The Edmonton Police Service met with community leaders to discuss the police force’s controversial street checks policy on Wednesday night, but the meeting didn’t go as planned for everyone involved.
The meeting came after the release of data that showed black or indigenous Edmontonians were more likely to be subject to street checks.
Edmonton police describe street checks as a conversation between a member of the public and a police officer, in which police are interested in knowing what a person is doing in an area prone to crime and victimization. The EPS said information is recorded by police and entered into their records management system. The EPS maintains racial information is not automatically collected as part of the report.
Edmonton police said they invited community leaders to the meeting who have a specific interest in the street-check policy.
Black Lives Matter (BLM) co-chair Bashir Mohamed was invited with a fellow member of the group. However, the pair — who showed up with other members of the public — refused to go inside when they learned it was not open to the public, calling it “very secretive.”
“It is disappointing that they shut the door on us,” Mohamed said. “Any discussion we have with someone in a leadership position should be in a public setting so people know what’s going on… we’re not refusing to meet. We showed up, they just didn’t let us in.”
Police chief Rod Knecht said he was disappointed that members of BLM did not attend the meeting, adding it was important to start the discussion with a focused group.
“We focused on the community leaders. The people that were engaged, the people that were the voices of their community and reflected the interest and the concerns of their community specific to the street check issue,” he said. “It was a good-sized group where you could actually get at the issues, discuss them and come up with solutions and a way forward.
“I think there was a lot of value and they would have added value to the equation here today. I think it would have been good to get their perspective and I think they would have appreciated the perspective of the other people in the room.”
Watch below: Global National’s Reid Fiest reports on the calls for the checks to be banned in Alberta
Community representatives in attendance said it was a thoughtful, educated discussion and they left feeling positive that their concerns were heard.
“It was a frank and open discussion,” said Ahmed Abdulkadir, executive director of the Ogaden Somali Community of Alberta Residents (OSCAR), adding he liked the more intimate setting of the meeting.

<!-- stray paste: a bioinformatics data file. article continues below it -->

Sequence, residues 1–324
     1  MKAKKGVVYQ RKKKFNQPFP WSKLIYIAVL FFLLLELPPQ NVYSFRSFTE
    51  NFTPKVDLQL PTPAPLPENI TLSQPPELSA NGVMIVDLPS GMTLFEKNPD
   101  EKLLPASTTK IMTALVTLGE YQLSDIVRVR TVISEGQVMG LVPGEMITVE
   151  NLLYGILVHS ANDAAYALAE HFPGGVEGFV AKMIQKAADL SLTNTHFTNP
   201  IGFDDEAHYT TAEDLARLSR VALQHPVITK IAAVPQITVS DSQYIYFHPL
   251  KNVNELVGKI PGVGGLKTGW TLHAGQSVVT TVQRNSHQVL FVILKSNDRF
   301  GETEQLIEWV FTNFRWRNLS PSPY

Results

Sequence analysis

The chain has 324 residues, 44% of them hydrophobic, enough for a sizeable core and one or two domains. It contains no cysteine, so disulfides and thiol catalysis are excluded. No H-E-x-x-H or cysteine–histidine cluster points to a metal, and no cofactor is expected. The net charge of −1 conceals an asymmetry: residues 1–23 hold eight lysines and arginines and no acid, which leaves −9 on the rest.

“I was expecting a little bit of pushback from EPS but EPS was open to any policy review that the community is concerned with.”
Kari Thomason, with the Metis Child and Family Services Society, also thought the meeting went well, adding she believes in street checks.
“It has helped within our aboriginal community, helping locate those that have been reported missing. So it has helped, there is positive aspects,” she said.
“There is no hidden agenda, there is no targeting and that needs to be put out there and perceived by everyone that this is a benefit to our community at large.
“When somebody is out there and they’re getting street checked, it’s going to be that, if they’re in a difficult predicament within their lives, if they are out there and they are homeless and they’re in an area where there is a high crime rate. So if they’re being street-checked over and over by officers, it’s for their own safety. It’s not as individuals being targeted.”
Knecht said the discussion wasn’t without “some bumps,” adding there is work to be done when it comes to the transparency of the program. He said the group came out with four items the police and the community will work together on.
- Community consultation
- A better definition of what a street check is
- A policy review
- More training for police officers
“Some interesting things came up about perception,” Knecht said. “Our officers have a certain perception, the community has a certain perception. So we’re going to work towards a common perception so we better understand each other.”
Knecht said he strongly believes police and the community will reach a common ground that both will be comfortable with.
“I didn’t hear anybody in there say they don’t want checks anymore,” he said. “They were supportive of checks. It’s just the way we do checks, the way we communicate checks, the way we record those checks going forward – that’s the discussion we’re going to have going forward.
“We want to reflect the needs and the desires and the wants of the community. We’re not going to tell the community what to do. I think the community should be telling us what we want,” he continued. “As long as it’s legal, moral and ethical I think we can make it happen.
Knecht said everyone at the meeting was given a copy of the street-check policy. The group will meet again on Sept. 1 to discuss any issues they have with the policy and how best to move forward
Knecht said he is open to a public meeting, as long as it’s what the community leaders want.
Last week, the Edmonton Police Commission announced it will launch a third-party external review of the controversial street-check practice.